On the contrary, programmatic media and data-driven targeting are part of the solution, and key parts of a well-oiled advertising algorithm. They are not the problem.
It’s time to address some of the common comparisons in the digital ad space and why these myths need to be debunked. Bundling impressions together into networks, platforms and exchanges is akin to bundling good and bad mortgages together and ensuring the entire package is great. Real-time bidding means a buyer can evaluate every single ad impression in real time.
With a few exceptions, rarely is there obfuscation of inventory. In actuality, RTB is more similar to buying equities -- where you can buy a known stock for a known price in a clean, well-lit marketplace. Stock by stock, call option by call option, a buyer can purchase an equity knowing a significant amount of data in real time. This is precisely why RTB took the place of ad networks that were purveyors of obscure pools of traffic. Programmatic buyers use RTB systems to transact, eliminating much of the aforementioned “risks” of bundling impressions.
Just as the housing loan market rewards ROI, so does advertising. Blaming programmatic platforms for participating in a commercial ecosystem where
ad buyers (investors) are looking for a return is like blaming the stock exchange for bad investments made by buyers or bad business decisions made by listed companies.
Programmatic platforms, when done right, are transaction systems meant to help ROI. And as in investing, everyone has a choice of where they believe they will find that ROI. Programmatic isn't just about efficiency, it's about efficacy. And just as the real estate market dwarfs other markets, making it less apparent to see comparable ROI in other markets, digital advertising -- display and video in particular -- is dwarfed by television; advertisers can choose to move their media ROI into other markets.
Another point made is that we reward the creation of impressions by bundling
"valueless" inventory into packages and selling them to investors, unaware of what they are purchasing. But today's platforms allow for bidding by fold count, viewability measures, and other
more qualitative metrics. Impressions that are measured only by click-through rates haven’t been a completely viable metric in years, but CPA goals still abound -- meaning many advertisers still
desire massive reach.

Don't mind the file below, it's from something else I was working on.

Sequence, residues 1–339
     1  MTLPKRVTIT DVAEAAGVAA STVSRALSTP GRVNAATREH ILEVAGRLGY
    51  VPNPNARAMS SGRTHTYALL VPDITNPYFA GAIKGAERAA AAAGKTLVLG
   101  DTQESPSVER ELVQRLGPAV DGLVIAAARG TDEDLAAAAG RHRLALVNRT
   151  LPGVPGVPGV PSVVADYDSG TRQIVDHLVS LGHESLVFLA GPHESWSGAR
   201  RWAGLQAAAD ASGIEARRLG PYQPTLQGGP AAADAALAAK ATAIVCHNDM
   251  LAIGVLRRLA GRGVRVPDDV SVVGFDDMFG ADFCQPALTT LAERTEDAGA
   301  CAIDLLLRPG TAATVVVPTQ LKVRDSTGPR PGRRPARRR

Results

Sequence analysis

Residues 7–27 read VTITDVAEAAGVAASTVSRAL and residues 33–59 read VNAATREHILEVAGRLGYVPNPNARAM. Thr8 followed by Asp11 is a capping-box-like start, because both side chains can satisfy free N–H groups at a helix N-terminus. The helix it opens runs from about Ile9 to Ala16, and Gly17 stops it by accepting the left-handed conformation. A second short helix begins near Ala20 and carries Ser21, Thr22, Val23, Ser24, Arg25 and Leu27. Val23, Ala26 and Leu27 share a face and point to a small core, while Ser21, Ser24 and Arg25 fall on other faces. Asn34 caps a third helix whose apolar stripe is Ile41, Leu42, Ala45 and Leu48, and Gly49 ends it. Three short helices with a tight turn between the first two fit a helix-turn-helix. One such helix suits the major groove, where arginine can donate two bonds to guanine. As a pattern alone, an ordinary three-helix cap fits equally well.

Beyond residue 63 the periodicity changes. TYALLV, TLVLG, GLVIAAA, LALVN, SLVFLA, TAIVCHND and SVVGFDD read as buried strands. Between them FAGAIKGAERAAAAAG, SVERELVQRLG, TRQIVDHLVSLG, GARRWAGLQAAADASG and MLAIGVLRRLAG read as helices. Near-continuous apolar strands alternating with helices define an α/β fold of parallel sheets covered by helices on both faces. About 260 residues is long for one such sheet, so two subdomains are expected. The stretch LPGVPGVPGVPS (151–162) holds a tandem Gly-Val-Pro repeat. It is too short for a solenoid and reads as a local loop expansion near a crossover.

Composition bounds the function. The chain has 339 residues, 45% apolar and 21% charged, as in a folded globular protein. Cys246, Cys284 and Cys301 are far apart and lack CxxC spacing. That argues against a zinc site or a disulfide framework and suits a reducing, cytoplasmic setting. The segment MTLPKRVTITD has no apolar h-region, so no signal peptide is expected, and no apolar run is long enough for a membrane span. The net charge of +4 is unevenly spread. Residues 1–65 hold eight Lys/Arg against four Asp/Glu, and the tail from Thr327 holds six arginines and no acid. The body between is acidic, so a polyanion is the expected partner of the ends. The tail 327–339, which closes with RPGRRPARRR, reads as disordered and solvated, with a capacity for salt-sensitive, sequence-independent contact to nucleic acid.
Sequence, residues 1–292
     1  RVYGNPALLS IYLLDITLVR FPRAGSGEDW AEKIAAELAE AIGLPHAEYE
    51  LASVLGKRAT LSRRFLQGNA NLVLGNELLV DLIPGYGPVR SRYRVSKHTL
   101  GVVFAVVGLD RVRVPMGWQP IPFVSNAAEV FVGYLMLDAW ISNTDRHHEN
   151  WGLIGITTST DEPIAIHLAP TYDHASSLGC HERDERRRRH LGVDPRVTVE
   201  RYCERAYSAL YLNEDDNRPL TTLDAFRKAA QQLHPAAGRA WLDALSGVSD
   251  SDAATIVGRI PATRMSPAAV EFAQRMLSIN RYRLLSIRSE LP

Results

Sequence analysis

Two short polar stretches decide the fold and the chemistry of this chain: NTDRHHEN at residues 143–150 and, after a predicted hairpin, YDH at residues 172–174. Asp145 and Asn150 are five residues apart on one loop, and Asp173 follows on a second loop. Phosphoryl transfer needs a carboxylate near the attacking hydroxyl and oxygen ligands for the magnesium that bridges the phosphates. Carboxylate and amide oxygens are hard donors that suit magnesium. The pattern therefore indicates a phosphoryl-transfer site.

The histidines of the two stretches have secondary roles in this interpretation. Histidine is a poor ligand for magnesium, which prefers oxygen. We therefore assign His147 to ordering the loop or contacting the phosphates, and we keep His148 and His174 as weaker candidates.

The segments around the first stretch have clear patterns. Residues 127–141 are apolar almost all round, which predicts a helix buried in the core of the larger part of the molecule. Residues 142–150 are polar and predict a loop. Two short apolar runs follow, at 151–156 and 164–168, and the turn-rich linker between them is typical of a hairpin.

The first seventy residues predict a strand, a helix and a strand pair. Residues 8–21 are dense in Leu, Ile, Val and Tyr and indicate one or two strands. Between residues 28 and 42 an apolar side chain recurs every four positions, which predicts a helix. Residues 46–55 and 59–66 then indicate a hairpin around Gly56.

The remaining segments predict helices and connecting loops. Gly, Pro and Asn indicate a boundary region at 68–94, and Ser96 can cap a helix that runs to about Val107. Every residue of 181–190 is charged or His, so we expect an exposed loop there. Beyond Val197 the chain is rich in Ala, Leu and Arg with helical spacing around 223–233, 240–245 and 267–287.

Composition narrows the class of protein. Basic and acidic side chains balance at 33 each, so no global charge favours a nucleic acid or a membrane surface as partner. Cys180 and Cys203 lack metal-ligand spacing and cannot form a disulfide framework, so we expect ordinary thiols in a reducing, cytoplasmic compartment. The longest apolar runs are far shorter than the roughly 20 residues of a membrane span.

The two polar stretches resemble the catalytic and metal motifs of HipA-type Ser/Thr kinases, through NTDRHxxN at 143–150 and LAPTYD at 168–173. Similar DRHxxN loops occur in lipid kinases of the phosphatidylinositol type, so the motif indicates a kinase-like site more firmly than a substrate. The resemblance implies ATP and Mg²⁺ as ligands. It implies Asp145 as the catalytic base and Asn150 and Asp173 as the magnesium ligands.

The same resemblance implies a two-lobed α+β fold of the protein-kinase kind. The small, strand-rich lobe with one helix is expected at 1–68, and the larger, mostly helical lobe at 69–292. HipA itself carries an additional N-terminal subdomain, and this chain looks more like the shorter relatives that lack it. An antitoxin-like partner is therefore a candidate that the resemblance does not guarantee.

Since custom creative deployments are saved for only large, expensive campaigns, we've ended up in a world where value-based inventory can still exist. Many brands know that the low-cost distribution offsets higher priced deployments, that their CPA goals still work, and that RTB gives them transparency into which impressions are actually valuable -- and that the data they now have access to actually feeds a machine that allows them to start taking advantage of new impressions. Bundling isn't the problem -- with data and transparency, buyers have more control than ever.
Finally, advertising IS too big to fail; we just need to make sure that programmatic continues driving the ineffective channels (old-school ad network bundling without transparency) out of the game. The future of advertising lies within programmatic; as long as the industry continues to evolve, advertising will remain successful for brands. No one can put their life savings in advertising, but millions of consumers see better-targeted advertising, and thousands of advertisers have the data, transparency and control that financial markets continue to lack.
Contrary to the article cited above, "data consumer profile ROI" isn't "jargon." Platforms don't "cloak it all in some programmatic...jargon." Again, programmatic delivers transparency and controls in a way that would have helped avoid many of the very issues that occurred in the mortgage crisis. Imagine if every investor could pick and choose which mortgages they put into their mortgage backed securities, and if one went bad, they could not buy it again. That's programmatic control -- and that's precisely what was missing in the financial markets that the ad markets offer. While the advertising industry absolutely needs to continue to evolve, work together and focus on quality as devices connect (and users disconnect), we have to do it for ourselves.